Zinc Therapy in Critical Illness

This study is currently recruiting participants. (see Contacts and Locations)
Verified July 2014 by University of Vermont
Sponsor:
Collaborator:
Information provided by (Responsible Party):
Renee Stapleton, University of Vermont
ClinicalTrials.gov Identifier:
NCT01162109
First received: July 8, 2010
Last updated: July 23, 2014
Last verified: July 2014
  Purpose

Sepsis is a clinical syndrome often caused by a bloodstream infection that results in a common set of symptoms termed systemic inflammatory response syndrome (SIRS). Severe sepsis (sepsis with organ failure) is the leading cause of death in critically ill patients in the US. Most patients with severe sepsis need to be treated in the intensive care unit with mechanical ventilation and intravenous antibiotics. Between 30 to 50% of all severe sepsis patients die and quality of life in survivors is substantially reduced. New therapies are needed to improve clinical outcomes in patients with sepsis.

A new area of interest in the treatment of critical illness is pharmaconutrition, in which micronutrients (like zinc) are studied and administered to determine if they affect the inflammatory response or immunologic processes in critical illness. The FDA does not regulate micronutrients and does not require rigorous pharmacokinetic (the study of how a drug or nutrient is metabolized in the body) testing so it is not clear how to dose micronutrients in critically ill patients. It is also not clear if critically ill patients would metabolize these micronutrients differently than healthy people and would need different dosing levels. This is true of zinc, the focus of this research study.

Zinc is essential for normal immune function, oxidative stress response, and wound healing, and its homeostasis is tightly regulated. Zinc deficiency occurs in >10% of Americans and leads to loss of innate and adaptive immunity and increased susceptibility to infections. The symptoms of zinc deficiency are similar to many of the symptoms of SIRS and there is strong biologic rationale to suggest that the zinc deficiency seen in nearly all sepsis patients may contribute to the development of sepsis syndrome and to the "immunoparalysis" common in sepsis patients

This study has three specific aims, 1) to perform a phase I dose-finding study of intravenous zinc in mechanically ventilated patients with severe sepsis; 2) to define the pharmacokinetic of intravenous zinc in mechanically ventilated patients with severe sepsis compared to healthy controls; and 3) to investigate the impact of zinc on inflammation, immunity, and oxidant defense in patients with severe sepsis.

A total of 40 critically ill patients from the FAHC intensive care units and 15 healthy controls will be enrolled in the study. The critically ill patient population will be divided into 4 dosing groups of 10 subjects (7 randomized to zinc and 3 to saline placebo). Group 1 will receive 500mcg/kg IBW/day elemental zinc in divided doses every 8 hours. If the 50th percentile of the normal plasma zinc range (110mcg/dL) has not been achieved in all patients by 7 days and there are no safety concerns, sequential groups of patients will receive increasing doses in 250mcg increments to the ceiling dose. Groups 2 through 4 will receive 750, 1000, and 1250mcg/kgIBW/day elemental zinc, respectively. Each participant will receive the intravenous zinc or placebo for a total of 7 days unless they die or leave the ICU earlier. Pharmacokinetic testing will be obtained from 40 of the critically ill subjects and in 15 healthy controls. Additional blood will be drawn during the infusion protocol to investigate the impact of zinc on inflammation, immunity, and oxidant defense.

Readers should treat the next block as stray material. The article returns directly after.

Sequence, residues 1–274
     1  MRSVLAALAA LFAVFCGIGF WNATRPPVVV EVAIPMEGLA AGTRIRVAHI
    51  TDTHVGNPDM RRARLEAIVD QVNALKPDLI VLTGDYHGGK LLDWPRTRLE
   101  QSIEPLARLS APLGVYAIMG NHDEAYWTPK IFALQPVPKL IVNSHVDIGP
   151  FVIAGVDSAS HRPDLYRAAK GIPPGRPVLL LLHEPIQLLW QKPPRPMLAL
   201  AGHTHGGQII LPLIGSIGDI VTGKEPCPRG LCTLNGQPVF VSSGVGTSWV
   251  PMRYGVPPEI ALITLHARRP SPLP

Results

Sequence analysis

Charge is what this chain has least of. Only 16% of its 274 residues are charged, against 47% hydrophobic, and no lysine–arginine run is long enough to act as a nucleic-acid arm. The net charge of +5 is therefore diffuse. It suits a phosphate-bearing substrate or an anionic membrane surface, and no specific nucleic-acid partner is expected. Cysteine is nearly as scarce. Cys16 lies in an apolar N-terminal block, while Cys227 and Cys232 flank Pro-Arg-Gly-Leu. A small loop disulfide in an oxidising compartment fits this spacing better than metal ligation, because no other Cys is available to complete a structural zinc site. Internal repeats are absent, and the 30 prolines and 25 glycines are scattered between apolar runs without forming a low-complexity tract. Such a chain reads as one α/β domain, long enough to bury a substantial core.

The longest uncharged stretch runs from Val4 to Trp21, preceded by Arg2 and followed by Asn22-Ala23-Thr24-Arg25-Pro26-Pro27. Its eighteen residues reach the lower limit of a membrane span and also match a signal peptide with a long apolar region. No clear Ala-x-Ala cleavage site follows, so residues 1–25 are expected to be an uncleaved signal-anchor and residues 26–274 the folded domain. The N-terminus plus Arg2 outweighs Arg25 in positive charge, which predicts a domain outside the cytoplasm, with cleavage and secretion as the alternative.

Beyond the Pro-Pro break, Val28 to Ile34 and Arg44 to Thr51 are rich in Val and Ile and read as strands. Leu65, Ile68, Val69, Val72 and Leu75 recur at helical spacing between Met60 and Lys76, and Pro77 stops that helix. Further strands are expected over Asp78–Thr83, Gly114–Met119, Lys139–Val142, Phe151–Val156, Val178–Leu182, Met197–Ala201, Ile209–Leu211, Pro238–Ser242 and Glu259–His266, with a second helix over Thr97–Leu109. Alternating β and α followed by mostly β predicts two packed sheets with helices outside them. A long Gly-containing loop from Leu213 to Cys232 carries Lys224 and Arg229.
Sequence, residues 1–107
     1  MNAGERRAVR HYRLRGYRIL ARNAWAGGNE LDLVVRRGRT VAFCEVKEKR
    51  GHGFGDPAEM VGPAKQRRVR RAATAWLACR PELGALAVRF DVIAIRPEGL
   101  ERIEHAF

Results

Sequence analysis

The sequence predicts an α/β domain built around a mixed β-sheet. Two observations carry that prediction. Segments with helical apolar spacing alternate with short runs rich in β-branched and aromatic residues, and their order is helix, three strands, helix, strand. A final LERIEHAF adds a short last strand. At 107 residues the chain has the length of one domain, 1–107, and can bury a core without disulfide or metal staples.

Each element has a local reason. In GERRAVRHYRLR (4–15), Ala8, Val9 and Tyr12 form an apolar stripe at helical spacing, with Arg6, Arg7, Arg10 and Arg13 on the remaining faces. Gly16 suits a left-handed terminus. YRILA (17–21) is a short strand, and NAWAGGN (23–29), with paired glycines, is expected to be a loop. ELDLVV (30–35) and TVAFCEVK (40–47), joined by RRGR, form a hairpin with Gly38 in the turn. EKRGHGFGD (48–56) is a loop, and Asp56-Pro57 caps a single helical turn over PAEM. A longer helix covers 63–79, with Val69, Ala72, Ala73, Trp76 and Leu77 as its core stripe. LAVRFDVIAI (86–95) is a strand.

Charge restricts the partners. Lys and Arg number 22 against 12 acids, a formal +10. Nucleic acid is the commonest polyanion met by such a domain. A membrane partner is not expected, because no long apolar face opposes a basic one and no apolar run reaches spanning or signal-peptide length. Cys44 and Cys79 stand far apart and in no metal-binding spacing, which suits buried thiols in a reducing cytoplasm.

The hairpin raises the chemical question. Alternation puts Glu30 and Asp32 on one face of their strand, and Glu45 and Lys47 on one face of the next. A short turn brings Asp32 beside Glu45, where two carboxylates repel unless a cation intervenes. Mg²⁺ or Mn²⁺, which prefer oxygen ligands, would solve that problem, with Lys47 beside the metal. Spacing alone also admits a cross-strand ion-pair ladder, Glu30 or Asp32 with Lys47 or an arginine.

Condition Intervention Phase
Severe Sepsis
Dietary Supplement: Zinc sulfate
Phase 1

Study Type: Interventional
Study Design: Allocation: Randomized
Endpoint Classification: Pharmacokinetics/Dynamics Study
Intervention Model: Parallel Assignment
Masking: Double Blind (Subject, Caregiver, Investigator, Outcomes Assessor)
Primary Purpose: Basic Science
Official Title: Pharmaconutrients as Therapies for Critical Illness: Zinc in Severe Sepsis

Resource links provided by NLM:


Further study details as provided by University of Vermont:

Primary Outcome Measures:
  • Pharmacokinetics/pharmacodynamics [ Time Frame: Several time points over one week during critical illness ] [ Designated as safety issue: Yes ]

Secondary Outcome Measures:
  • Production of TNF-alpha by circulating monocytes [ Time Frame: Study days 1, 3, and 7 ] [ Designated as safety issue: No ]
  • Production of IL-1beta by circulating monocytes [ Time Frame: Study days 1, 3, and 7 ] [ Designated as safety issue: No ]
  • Production of IL-6 by circulating monocytes [ Time Frame: Study days 1, 3, and 7 ] [ Designated as safety issue: No ]
  • Production of IL-8 by circulating monocytes [ Time Frame: Study days 1, 3, and 7 ] [ Designated as safety issue: No ]
  • Plasma TNF-alpha [ Time Frame: Study days 1, 3, and 7 ] [ Designated as safety issue: No ]
  • Plasma IL-1beta [ Time Frame: Study days 1, 3, and 7 ] [ Designated as safety issue: No ]